Prosci’s ADKAR Model is one of the most widely used change frameworks in the world for individuals. ADKAR is an acronym for Awareness, Desire, Knowledge, Ability and Reinforcement. An individual must achieve each of these five outcomes to move through the individual change process successfully:
The ADKAR Model is a useful framework for supporting personal changes (e.g., quitting smoking) as well as organizational changes (e.g., implementing a new business process).
2. Change management for organizational projects and initiatives
Project-level change management is what change management professionals usually mean when we use the term, “organizational change management” or simply "change management." The intent is to improve adoption and usage of projects or initiatives (like the new process mentioned above) within an organization.
While all change indeed happens at the individual level, project teams would find it impractical to manage project-level changes and initiatives on a person-by-person basis. Project-level change management bridges this gap by providing the process, actions and tactics to support the dozens, hundreds or even thousands of individuals impacted by a project or initiative.
At the project level (or organizational level), we manage change by:
- Identifying the employees and groups who need to adopt a change
- Understanding the adjustments impacted people and groups will need to make to their daily work
- Creating and supporting the execution of a customized plan for ensuring that impacted employees receive the information, coaching, training and support that enables them to effectively adopt and use the change
Note that project-level change management complements project management or solution development approaches. Project management (the technical side of change) designs, develops and delivers the solution that solves a problem or addresses an opportunity for the organization. Change management (the people side of change) ensures that people effectively engage, adopt and use your project’s solution.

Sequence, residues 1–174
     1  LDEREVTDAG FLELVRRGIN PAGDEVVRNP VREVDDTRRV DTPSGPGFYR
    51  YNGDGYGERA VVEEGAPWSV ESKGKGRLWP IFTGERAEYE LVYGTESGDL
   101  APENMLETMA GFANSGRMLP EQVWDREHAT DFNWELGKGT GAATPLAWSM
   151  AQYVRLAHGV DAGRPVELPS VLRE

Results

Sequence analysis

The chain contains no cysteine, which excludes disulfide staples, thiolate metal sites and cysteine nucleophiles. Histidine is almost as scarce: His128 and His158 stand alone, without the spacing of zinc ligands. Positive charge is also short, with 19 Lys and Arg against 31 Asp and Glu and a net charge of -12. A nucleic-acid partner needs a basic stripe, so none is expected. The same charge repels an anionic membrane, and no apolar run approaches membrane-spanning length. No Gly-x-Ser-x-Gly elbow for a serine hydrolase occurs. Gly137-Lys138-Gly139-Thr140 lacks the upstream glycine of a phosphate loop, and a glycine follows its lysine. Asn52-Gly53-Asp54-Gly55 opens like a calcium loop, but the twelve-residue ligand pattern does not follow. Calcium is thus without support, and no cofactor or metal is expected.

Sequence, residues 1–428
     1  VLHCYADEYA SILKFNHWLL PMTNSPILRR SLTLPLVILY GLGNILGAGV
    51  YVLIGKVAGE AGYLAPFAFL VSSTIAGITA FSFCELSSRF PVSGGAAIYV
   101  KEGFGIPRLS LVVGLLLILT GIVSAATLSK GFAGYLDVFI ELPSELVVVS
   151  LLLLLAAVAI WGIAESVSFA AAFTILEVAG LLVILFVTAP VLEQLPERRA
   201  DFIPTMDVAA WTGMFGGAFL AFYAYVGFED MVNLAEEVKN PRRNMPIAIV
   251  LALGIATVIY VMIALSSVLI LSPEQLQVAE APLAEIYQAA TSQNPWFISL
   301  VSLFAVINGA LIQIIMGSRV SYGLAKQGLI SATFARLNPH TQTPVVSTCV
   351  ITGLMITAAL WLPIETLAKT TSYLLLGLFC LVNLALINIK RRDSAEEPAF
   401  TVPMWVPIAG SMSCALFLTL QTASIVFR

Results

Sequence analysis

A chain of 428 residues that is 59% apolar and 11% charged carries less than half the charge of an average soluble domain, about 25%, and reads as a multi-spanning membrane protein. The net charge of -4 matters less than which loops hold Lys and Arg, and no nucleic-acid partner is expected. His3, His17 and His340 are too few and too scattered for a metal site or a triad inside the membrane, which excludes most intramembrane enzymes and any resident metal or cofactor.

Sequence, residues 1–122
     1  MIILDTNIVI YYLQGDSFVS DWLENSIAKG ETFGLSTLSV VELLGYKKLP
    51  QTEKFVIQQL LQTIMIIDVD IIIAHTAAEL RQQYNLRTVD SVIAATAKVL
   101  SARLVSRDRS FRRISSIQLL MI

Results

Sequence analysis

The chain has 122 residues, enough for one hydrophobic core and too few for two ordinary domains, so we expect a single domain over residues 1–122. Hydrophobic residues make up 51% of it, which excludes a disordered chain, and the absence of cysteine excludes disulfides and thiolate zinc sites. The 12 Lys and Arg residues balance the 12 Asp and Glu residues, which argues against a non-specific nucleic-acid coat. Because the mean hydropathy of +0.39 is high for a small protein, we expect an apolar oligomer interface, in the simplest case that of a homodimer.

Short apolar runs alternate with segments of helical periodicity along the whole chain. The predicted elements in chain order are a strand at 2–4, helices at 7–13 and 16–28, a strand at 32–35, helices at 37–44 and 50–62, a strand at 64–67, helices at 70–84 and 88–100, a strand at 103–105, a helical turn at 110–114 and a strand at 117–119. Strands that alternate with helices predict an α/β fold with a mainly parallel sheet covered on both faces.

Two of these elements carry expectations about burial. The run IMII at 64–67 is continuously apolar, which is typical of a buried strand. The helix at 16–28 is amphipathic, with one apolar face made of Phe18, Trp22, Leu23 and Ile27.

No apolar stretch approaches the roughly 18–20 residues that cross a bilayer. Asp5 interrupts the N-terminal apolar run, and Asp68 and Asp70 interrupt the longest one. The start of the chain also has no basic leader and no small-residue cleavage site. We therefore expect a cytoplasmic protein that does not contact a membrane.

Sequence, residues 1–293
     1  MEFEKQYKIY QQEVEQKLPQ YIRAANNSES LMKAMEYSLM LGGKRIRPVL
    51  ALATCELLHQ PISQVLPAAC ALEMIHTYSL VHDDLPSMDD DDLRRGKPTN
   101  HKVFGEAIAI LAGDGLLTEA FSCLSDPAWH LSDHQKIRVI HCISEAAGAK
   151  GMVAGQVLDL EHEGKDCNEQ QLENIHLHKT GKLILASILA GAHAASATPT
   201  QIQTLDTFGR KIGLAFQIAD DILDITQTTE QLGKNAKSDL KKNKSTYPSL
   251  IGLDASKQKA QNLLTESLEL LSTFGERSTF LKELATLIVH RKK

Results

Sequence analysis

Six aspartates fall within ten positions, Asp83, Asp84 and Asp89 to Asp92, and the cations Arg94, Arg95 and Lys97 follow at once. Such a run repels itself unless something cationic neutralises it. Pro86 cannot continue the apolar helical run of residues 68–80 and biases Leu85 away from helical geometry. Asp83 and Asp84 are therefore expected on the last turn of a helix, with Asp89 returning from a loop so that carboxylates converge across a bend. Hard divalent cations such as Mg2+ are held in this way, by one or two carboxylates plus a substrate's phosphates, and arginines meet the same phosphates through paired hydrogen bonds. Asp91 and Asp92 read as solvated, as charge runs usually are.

3. Enterprise change management
Finally, enterprise change management is an organizational competency or area of strength. Like other organizational competencies, it can’t be achieved overnight. To be clear, enterprise change competency is not about applying change management to an enterprise-wide initiative or even applying change management to multiple initiatives across an enterprise.
Instead, enterprise change management weaves change management into the fabric of the organization:
- The organization consistently applies change management to initiatives
- The organization embeds change management into roles, structures, processes, projects and leadership competencies
- Leaders and people managers have the training and skills needed to guide their teams through change
- Employees know what to ask for to be successful during change
Organizations that develop enterprise change competency are more agile—they respond quickly to market changes, embrace strategic initiatives, and adopt technologies with less productivity impact. They make effectively adopting changes a key part of the way they do business. And when done well, enterprise change management provides a competitive advantage.
Thriving Through Organizational Change
All change happens one person at a time, whether at the individual level, project level, or as an enterprise change competency. Understanding what change management is gives you a glimpse into the discipline, but there is so much more to know about the people side of change. To truly understand why change management is so important, we encourage you to keep exploring and learning. Change is complex, global, and ever-present today—and change management helps you and your organization make the most of it.